Odd radio circle


In astronomy, an Odd radio circle (ORC) is a very large unexplained astronomical object that, at radio wavelengths, is highly circular and brighter along its edges.[1] As of 27 April 2021, there have been five such objects (and possibly six more) observed.[2][3][4][5][6][7][8] The observed ORCs are bright at radio wavelengths, but are not visible at visible, infrared or X-ray wavelengths.[2][3] Three of the ORCs contain optical galaxies in their centers, suggesting that the galaxies might have formed these objects.[3][8]


The ORCs were detected in late 2019 after astronomer Anna Kapinska studied a Pilot Survey of the Evolutionary Map of the Universe (EMU), based on the Australian Square Kilometre Array Pathfinder (ASKAP) radio telescope array.[9] Every detected ORC, about 1 arcminute in diameter, are some distance from the galactic plane, at high galactic latitudes. The possibility of a spherical shock wave, associated with fast radio bursts, gamma-ray bursts, or neutron star mergers, was considered, but, if related, would have to have taken place in the distant past due to the large angular size of the ORCs, according to the researchers.[5] Also according to the astronomers, "Circular features are well-known in radio astronomical images, and usually represent a spherical object such as a supernova remnant, a planetary nebula, a circumstellar shell, or a face-on disc such as a protoplanetary disc or a star-forming galaxy, ... They may also arise from imaging artefact around bright sources caused by calibration errors or inadequate deconvolution. Here we report the discovery of a class of circular feature in radio images that do not seem to correspond to any of these known types of object or artefact, but rather appear to be a new class of astronomical object."[5]

See also


  1. ^ Norris, Ray (1 December 2020). "'WTF?': newly discovered ghostly circles in the sky can't be explained by current theories, and astronomers are excited". The Conversation Australia. Retrieved 14 December 2020.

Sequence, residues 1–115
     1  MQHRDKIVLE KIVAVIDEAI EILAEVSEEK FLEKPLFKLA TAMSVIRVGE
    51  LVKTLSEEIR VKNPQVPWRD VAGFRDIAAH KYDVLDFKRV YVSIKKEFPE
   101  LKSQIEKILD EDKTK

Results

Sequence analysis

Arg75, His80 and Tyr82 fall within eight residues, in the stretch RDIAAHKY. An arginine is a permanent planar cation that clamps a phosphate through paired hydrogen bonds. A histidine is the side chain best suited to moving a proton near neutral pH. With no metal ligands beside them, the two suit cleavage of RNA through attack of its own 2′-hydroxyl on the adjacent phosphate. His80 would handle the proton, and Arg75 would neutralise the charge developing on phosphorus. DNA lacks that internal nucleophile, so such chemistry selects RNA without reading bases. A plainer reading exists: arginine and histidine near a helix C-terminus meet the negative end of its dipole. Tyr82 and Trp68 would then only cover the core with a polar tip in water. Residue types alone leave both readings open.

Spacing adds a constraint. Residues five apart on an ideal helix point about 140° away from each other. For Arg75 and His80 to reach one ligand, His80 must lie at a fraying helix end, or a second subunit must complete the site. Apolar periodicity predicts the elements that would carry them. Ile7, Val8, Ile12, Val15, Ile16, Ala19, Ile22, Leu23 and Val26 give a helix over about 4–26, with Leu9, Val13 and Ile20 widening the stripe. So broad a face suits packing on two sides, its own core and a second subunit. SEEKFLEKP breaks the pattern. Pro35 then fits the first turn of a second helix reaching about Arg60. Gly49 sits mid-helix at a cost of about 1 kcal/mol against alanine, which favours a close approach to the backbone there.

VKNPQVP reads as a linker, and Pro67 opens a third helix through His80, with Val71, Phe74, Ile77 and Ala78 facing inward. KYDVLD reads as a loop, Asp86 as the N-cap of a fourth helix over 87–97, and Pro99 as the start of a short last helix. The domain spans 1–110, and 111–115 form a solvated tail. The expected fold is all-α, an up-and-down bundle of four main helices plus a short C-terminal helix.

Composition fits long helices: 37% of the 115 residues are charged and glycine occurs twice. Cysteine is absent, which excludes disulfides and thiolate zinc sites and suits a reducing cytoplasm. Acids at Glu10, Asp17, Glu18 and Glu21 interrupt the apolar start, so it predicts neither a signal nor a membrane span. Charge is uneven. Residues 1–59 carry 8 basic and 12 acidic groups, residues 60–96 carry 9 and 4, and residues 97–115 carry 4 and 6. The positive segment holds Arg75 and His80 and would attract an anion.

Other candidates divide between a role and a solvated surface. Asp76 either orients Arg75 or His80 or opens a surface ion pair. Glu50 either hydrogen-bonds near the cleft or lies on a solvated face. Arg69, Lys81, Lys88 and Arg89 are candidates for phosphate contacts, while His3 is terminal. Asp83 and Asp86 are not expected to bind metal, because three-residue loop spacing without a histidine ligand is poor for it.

2. ^ a b Norris, Ray P.; et al. (2021). "Unexpected Circular Radio Objects at High Galactic Latitude". Publications of the Astronomical Society of Australia. 38. arXiv:2006.14805v1. Bibcode:2021PASA...38....3N. doi:10.1017/pasa.2020.52. S2CID 220128279.
  3. ^ a b c Johnson-Groh, Mara (8 July 2020). "4 mysterious objects spotted in deep space are unlike anything ever seen". Live Science. Retrieved 9 July 2020.
  4. ^ Murugesu, Jason Arunn (3 July 2020). "Circles in space made of radio waves are like nothing we've ever seen". New Scientist. Retrieved 9 July 2020.
  5. ^ a b c Starr, Michelle (9 July 2020). "Astronomers Detect Unexpected Class of Mysterious Circular Objects in Space". ScienceAlert.com. Retrieved 9 July 2020.
  6. ^ Osborne, Hannah (9 July 2020). "'Odd' Circles of Radio Waves Coming from Unknown Cosmic Source Discovered". Newsweek. Retrieved 10 July 2020.
  7. ^ Ferreira, Becky (10 July 2020). "Scientists Discover Unexplained Glowing Circles of Energy in Space - Scientists believe they have likely discovered a new and unexplained class of space object: the Odd Radio Circle, or ORC". Vice. Retrieved 11 July 2020.
  8. ^ a b Nowakowski, Tomasz. "Astronomers discover a new extragalactic circular radio source". Phys.org. Retrieved 4 May 2021.
  9. ^ Rod, Isabelle (7 December 2020). "Astronomy: 'Odd radio circles' in the sky a 'genuine mystery'". BBC World News. Retrieved 8 December 2020.

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